“__________,” she says and I hear a space opera battle in full swing. Beams of light ripping through black-bright hulls like paper, ordinance revealing the battleship’s facets in gory relief. Which is to say I hear nothing. 


          I still have that picture you took. Pixely, seven years younger, still thin, unkempt beard around my jaw, a bent smile forming in the corner of my mouth. Some days I wonder where you are now, what you are doing. Your phone number is still written on the jacket of my journal and I’ve nearly called you many times. I fear I crossed the re-connection rubicon eons ago. So much time has passed we would be strangers to each other now. 


          It’s a little early for dinner but we’re both starving so we go to this Thai place Margaret says she thinks she knows. She says she thinks it’s close enough to walk to. So we’re off, away from the pigeon roamed reaches of the capitol mall and onto bright sidewalks, a dense grid of a city I’ve never known. I’ll never know. A gloaming of slooshing tires and parked cars caked with graying snow. We walk up and down the same street a few times, Margaret swearing the whole time that it’s right here, it’s right here I swear. I try to look at the street signs but someone’s blurred them out. We finally find it, right where Margaret said it would be, a set of stairs going beneath the street. Or, its revolving doors flanked by a double door on one side, and we go in. Or it’s in hotel and we have to walk through the lobby to get to it, and we nearly get lost in a sea of gold filigreed carpet. Anyway a host brings us to a table on the second floor. It’s dim and we get sat at the end of a long row of small tables. We remove our snow peppered hats and order beer--Margaret’s preference: “as dark or darker than my heart.” So: stouts, spring rolls, pad thai for two. In the false candlelight of the restaurant (the right hue but not the right consistency) Margaret’s beautiful. She must see me take notice because her expression shifts subtly.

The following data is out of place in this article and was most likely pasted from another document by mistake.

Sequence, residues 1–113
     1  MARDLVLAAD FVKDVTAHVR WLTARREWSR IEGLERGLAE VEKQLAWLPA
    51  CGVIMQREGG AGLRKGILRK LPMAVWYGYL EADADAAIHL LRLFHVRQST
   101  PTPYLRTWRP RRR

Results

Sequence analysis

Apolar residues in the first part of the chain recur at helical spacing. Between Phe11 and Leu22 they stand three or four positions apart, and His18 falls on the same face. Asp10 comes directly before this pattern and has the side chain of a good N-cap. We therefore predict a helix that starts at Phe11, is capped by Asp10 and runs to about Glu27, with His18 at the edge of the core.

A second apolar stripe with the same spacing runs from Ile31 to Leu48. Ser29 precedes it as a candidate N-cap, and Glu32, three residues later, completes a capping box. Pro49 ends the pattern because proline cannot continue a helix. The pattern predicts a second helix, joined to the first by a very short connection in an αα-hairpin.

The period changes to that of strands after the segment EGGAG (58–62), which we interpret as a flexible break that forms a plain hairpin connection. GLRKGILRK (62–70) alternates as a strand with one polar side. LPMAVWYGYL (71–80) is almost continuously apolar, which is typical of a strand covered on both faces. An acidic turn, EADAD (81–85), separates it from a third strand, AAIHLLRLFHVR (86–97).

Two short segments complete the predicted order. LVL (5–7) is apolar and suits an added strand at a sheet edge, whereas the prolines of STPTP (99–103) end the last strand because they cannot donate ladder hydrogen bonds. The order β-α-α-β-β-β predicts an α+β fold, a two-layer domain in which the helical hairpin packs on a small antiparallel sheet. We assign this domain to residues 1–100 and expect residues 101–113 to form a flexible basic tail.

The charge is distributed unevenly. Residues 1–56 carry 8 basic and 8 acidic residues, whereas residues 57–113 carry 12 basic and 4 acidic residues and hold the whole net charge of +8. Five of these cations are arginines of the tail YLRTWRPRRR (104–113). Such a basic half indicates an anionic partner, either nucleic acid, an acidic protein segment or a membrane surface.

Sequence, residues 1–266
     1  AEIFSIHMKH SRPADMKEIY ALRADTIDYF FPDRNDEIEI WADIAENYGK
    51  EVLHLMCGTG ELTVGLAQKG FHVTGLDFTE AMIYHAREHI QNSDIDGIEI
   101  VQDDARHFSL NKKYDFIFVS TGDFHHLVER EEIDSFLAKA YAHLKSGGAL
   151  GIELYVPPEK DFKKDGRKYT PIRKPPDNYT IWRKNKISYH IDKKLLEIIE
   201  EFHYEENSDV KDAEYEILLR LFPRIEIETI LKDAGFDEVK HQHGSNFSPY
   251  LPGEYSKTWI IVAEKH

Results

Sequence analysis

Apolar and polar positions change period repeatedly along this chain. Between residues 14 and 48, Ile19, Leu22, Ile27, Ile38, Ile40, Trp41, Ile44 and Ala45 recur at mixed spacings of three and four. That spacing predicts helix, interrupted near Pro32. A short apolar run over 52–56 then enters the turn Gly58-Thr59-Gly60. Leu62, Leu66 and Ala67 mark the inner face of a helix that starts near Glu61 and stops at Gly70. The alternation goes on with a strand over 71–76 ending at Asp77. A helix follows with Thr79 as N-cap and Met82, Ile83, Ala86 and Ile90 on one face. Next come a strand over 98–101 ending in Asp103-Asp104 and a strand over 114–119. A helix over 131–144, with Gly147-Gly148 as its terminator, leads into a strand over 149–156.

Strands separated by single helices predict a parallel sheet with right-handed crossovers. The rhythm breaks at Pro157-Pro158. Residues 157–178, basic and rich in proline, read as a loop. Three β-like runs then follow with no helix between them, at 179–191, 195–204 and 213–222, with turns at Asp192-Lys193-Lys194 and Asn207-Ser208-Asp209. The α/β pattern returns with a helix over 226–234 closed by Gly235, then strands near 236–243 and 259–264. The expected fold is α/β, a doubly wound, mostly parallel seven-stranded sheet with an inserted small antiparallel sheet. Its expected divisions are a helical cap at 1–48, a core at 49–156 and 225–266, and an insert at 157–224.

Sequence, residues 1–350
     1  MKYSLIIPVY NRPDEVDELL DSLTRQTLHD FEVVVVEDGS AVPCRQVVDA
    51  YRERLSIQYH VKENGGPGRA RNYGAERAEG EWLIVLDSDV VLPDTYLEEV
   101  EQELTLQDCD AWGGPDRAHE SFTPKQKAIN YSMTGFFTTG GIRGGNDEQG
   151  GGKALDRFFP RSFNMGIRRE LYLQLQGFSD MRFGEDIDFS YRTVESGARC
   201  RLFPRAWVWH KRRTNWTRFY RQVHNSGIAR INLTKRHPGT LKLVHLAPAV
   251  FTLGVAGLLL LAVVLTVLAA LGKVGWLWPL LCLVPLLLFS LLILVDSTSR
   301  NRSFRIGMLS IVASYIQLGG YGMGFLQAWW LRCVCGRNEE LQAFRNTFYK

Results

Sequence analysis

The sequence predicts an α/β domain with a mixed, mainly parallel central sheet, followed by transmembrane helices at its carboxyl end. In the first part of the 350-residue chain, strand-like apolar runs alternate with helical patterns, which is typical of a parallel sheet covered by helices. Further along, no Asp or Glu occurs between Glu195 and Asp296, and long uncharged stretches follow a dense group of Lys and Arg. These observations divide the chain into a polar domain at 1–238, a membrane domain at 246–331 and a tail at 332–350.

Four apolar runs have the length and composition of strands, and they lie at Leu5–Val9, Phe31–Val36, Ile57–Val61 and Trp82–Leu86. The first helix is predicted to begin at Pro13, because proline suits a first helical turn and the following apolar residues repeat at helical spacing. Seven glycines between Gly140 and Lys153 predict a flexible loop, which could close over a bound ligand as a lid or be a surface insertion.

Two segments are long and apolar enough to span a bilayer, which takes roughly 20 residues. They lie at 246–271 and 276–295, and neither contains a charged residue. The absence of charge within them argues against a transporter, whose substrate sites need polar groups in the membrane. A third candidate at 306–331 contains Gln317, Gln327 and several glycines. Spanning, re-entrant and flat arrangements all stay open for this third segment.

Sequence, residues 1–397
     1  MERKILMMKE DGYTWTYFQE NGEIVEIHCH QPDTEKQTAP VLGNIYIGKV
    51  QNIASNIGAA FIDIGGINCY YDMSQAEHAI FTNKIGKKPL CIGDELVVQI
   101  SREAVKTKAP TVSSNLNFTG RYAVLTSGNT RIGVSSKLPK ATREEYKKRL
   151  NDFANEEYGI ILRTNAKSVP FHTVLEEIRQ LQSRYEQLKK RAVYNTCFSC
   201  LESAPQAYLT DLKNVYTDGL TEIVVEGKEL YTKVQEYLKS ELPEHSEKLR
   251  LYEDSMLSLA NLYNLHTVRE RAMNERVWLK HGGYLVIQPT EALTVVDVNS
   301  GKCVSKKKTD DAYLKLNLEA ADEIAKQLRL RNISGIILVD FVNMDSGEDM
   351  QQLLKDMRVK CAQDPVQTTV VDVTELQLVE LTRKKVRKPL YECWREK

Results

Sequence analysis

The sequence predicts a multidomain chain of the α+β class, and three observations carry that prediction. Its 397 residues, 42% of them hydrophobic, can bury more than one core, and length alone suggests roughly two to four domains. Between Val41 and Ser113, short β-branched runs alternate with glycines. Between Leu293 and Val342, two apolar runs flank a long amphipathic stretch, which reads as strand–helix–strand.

“What are you looking for?” she asks.

          “What do you mean?” 

          “In a partner, what are you looking for?” 

          “Um, like, a person you can trust? You mean that kind of stuff?”

          “I guess.” 

          “Companionship most, I think.” I say. 

          “What’s that to you?” 

          “Oh, companionship it’s, sharing experiences. I think that sharing happiness makes it more meaningful. The parts greater than the whole. If that makes sense. To grow together. If that makes sense.” 

          “I think so,” she says. 

          “What about you? What are you looking for?” I ask.

          “_________,” Margaret says.

          I hear a sound like a train dining car going by, flatware and chandelier crystal clinking in a chorus of nearly broken things underneath the sound of weary conversation. 

          “And how would you know you’d found that?” 

          “There’s something, occult, or something, in it, don’t you think? It’s more than just being compatible or being a good team or best friends, there’s something in there that defies description.” 

          “What, you mean like a spark?” 

          “More like a flame.” 

          “A flame?” 

          “It’s like poetry, or pornography,” she says. “No one knows what it is, but you know it when you see it.” 

          “So it’s a flame that’s... poetic and pornographic.” 

          “That about sums it up.” 

          Our food arrives and the warmth and spice is antidote for the chill outside. Margaret picks the cilantro out of the noodles and places them in a pile on a napkin, a drenched paper forest.

          “I forgot to order it without,” she explains. “Have you ever had Pho?” 

          I nod.

          “I thought it tasted like sweaty bathwater until I realized I didn’t like cilantro, then I thought it was delicious.” 

          “Sweaty bathwater,” I repeat. “I think you just described a martini.” 

          She crunches up her nose.

          “I love olives,” she says. 

          “I hate olives.”

          We split the tab and before the waiter returns for with the check Margaret looks up at me meaningfully.